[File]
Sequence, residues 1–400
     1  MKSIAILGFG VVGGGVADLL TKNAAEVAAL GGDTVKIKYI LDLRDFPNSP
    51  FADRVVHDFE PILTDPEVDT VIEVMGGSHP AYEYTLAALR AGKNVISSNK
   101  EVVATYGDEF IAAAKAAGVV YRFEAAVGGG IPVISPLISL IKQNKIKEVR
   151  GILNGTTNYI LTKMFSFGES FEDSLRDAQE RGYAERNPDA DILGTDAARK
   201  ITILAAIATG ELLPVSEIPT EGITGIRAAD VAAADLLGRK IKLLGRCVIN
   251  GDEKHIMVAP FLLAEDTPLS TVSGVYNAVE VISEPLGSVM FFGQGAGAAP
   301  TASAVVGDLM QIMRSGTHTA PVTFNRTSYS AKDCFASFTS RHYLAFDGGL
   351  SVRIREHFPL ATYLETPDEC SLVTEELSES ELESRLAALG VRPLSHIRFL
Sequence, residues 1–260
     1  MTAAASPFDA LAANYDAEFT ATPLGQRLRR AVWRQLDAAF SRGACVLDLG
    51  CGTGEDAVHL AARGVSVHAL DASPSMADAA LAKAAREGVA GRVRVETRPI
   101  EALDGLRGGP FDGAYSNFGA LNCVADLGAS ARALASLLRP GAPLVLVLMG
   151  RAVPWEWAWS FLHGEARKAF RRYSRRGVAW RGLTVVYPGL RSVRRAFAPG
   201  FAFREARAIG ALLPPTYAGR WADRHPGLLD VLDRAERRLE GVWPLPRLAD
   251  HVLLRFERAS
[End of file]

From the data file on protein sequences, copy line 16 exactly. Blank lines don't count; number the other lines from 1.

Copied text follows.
   251  HVLLRFERAS